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Minor Key Chord Progressions

Up until now, throughout the chord progressions section, we've been looking at major key chord relationships in relation to a major tonic chord (I).

Now let's see how we can use this very same scale to build minor key relationships, which require a new tonic, a minor tonal centre...

The minor tonic chord

The submediant (vi) in the chord scale acts both as a function within major key progressions and as the relative tonic of minor key progressions.

The vi chord therefore becomes i (lower case numeral for minor chords), but the interval relationship between each chord in the scale remains intact from that point. So if vi becomes i, then the next chord, vii, will become ii, and so on.

This is the new scale we can build based on that new minor tonic...

Major Key vi vii I ii iii IV V
Minor Key i ii III iv v VI VII

So all we've done is reposition the scale in relation to the 6 chord becoming 1. The intervals of the scale continue from that point.

This means the old major tonic chord has now become the III (mediant) chord of the minor scale.

However, they still keep their names based on their position relative to the tonic with the exception of the 7th degree, which is called the leading tone chord in a major key, and the subtonic in the minor key.

i ii III iv v VI VII
Tonic Supertonic Mediant Subdominant Dominant Submediant Subtonic

If we were to play through that scale, from a tonic of A minor, here's what we'd get...

i ii III iv v VI VII
Am Bdim Cmaj Dm Em Fmaj Gmaj

Click to hear

What this also means is that the chord variations we learned for the major key chords (e.g. turning major into minor, extending chords etc.) will also apply for minor key positions.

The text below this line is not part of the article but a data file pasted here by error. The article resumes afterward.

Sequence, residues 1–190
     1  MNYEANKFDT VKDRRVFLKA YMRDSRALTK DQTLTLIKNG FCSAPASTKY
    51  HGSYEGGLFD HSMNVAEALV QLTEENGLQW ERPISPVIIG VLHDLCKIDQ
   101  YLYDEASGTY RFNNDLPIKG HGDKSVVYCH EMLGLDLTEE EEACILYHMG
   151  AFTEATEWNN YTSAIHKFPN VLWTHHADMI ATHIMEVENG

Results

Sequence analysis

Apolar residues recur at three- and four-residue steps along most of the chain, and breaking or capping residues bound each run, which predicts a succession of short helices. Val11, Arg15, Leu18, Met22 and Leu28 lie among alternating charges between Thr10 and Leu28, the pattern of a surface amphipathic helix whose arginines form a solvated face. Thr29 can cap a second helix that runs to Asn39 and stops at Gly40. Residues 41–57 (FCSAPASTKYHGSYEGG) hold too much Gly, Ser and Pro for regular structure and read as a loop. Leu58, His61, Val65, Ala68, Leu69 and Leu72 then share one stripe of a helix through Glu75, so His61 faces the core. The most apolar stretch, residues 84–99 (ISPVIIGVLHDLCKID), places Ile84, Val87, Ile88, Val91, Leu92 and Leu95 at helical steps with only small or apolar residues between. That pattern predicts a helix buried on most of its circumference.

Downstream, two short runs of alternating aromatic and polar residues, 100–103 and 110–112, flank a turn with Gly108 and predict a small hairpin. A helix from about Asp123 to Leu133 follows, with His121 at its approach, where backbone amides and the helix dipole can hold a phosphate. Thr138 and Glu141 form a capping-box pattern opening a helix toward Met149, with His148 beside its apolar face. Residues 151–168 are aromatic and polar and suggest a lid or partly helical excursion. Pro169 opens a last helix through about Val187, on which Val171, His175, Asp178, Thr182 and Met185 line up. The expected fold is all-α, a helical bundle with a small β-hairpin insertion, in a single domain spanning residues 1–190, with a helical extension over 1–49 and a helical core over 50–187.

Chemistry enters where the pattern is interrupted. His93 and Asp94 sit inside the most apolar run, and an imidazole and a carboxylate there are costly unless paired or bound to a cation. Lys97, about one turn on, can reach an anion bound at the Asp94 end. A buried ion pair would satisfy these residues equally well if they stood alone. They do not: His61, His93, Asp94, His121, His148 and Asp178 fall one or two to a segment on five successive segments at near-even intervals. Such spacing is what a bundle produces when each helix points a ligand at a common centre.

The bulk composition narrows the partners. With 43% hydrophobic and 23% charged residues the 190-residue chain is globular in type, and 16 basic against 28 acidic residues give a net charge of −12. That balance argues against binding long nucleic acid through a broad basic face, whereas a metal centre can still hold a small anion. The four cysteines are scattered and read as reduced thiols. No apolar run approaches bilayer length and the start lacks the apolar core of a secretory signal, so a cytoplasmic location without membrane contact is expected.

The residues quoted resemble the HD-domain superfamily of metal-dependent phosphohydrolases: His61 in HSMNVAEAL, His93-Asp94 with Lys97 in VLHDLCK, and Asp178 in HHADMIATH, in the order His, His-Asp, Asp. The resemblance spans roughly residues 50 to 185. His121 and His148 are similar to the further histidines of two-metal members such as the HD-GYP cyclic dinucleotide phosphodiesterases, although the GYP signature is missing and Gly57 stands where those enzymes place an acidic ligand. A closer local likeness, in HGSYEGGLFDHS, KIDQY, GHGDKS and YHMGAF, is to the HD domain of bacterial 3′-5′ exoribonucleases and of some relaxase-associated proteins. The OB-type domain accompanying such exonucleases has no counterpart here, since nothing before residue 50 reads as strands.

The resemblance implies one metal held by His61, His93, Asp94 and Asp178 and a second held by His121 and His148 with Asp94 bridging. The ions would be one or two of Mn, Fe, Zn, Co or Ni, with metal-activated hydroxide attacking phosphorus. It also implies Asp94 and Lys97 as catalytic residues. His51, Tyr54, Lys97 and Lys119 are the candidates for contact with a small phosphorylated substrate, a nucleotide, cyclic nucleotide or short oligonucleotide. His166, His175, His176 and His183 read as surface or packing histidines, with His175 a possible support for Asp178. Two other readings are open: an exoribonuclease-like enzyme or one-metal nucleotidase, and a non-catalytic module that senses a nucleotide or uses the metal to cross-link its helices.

For example, we learned that the V chord of a major key is naturally a dominant 7th chord. This also applies when it becomes the VII chord in a minor key.

The only difference is we've changed the position of the tonic, which puts these chord relationships into a different context.

Relative minor key

If you look at the relationship between the new minor tonic and the III chord of its scale, we can see that this was the same as the I - vi relationship in the major key scale.

The interval between these two chords are known as relative major/minor.

I    vi    -  Relative major/minor
i    III  -  Relative minor/major

Understanding this key relationship will allow you to execute what are known as "relative key changes", allowing you to switch into the minor/major key scale in the same song.

This relative interval is always 3 semitones apart, which is the equivalent of 3 frets on the fretboard. You should already know this from learning the interval between the I and vi chords from previous lessons...

relative major/minor root notes

And this relationship also applies to A and D string chord root notes.

So if you're building a progression around a major tonic (I), try resolving to the vi of that progression and you have the option to continue the song in a more downbeat minor key.

An example would be...

I ii IV i (VI)
Cmaj Dm Fmaj Am

Similarly, if you're building a progression around a minor tonic (i), try resolving to the III of that progression and you have the option to continue the song in a more upbeat major key!

So the vi chord of the major key can become the relative minor tonic of the new minor key progression.

Of course, you can then resolve back into the relative major key any time you want.

This is all about keeping your options open. More on using relative key changes effectively in a later lesson.

Building basic minor key progressions

As with the major key examples I showed you throughout this course, this scale is by no means the limits of our minor key songwriting, rather it's the foundation for more complex minor key progressions we'll build in future lessons.

Let's use that minor chord scale to build some simple minor key chord progressions. Remember, a large part of playing chord progressions is knowing the many different chord forms you can play. This is covered in the chords section. The chords I show you below are just typical barre chord or open position examples...

VI - F major

VII - G major

i - A minor

v - E minor

i - B minor

              Fret 2
v - F# minor

              Fret 2
iv - E minor

i - G minor

              Fret 3
III - Bb major

               Fret 6
v - D minor

              Fret 5
VII - F major

As mentioned before, the variations/substitutions you can apply to these chord positions works in exactly the same way as it did with the major key scale. For example, as the major key iii chord has now become the minor key v chord, we can apply the same variations to this v chord as we did the iii. One variation is to turn it into a major chord (v - V).

More on minor key variation in the coming lessons.

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